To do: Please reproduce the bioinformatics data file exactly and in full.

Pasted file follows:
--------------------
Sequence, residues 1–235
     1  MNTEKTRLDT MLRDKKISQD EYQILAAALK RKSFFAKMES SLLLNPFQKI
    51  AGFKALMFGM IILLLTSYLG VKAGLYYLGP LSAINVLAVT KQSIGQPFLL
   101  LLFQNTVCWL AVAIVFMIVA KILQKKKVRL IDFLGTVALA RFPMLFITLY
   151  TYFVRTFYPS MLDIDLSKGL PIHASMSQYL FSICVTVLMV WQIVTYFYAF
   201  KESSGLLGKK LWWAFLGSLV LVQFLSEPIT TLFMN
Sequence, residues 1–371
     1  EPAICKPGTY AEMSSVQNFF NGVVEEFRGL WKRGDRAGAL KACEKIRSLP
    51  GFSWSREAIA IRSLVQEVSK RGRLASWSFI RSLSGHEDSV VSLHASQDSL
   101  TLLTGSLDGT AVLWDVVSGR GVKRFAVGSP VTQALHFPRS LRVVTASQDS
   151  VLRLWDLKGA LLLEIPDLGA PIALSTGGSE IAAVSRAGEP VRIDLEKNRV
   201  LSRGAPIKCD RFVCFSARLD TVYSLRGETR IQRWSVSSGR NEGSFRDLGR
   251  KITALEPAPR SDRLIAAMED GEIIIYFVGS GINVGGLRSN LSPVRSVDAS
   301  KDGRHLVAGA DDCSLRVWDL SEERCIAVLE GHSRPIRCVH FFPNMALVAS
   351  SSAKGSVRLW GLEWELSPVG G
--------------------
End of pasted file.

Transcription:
Sequence, residues 1–235
     1  MNTEKTRLDT MLRDKKISQD EYQILAAALK RKSFFAKMES SLLLNPFQKI
    51  AGFKALMFGM IILLLTSYLG VKAGLYYLGP LSAINVLAVT KQSIGQPFLL
   101  LLFQNTVCWL AVAIVFMIVA KILQKKKVRL IDFLGTVALA RFPMLFITLY
   151  TYFVRTFYPS MLDIDLSKGL PIHASMSQYL FSICVTVLMV WQIVTYFYAF
   201  KESSGLLGKK LWWAFLGSLV LVQFLSEPIT TLFMN
Sequence, residues 1–371
     1  EPAICKPGTY AEMSSVQNFF NGVVEEFRGL WKRGDRAGAL KACEKIRSLP
    51  GFSWSREAIA IRSLVQEVSK RGRLASWSFI RSLSGHEDSV VSLHASQDSL
   101  TLLTGSLDGT AVLWDVVSGR GVKRFAVGSP VTQALHFPRS LRVVTASQDS
   151  VLRLWDLKGA LLLEIPDLGA PIALSTGGSE IAAVSRAGEP VRIDLEKNRV
   201  LSRGAPIKCD RFVCFSARLD TVYSLRGETR IQRWSVSSGR NEGSFRDLGR
   251  KITALEPAPR SDRLIAAMED GEIIIYFVGS GINVGGLRSN LSPVRSVDAS
   301  KDGRHLVAGA DDCSLRVWDL SEERCIAVLE GHSRPIRCVH FFPNMALVAS
   351  SSAKGSVRLW GLEWELSPVG G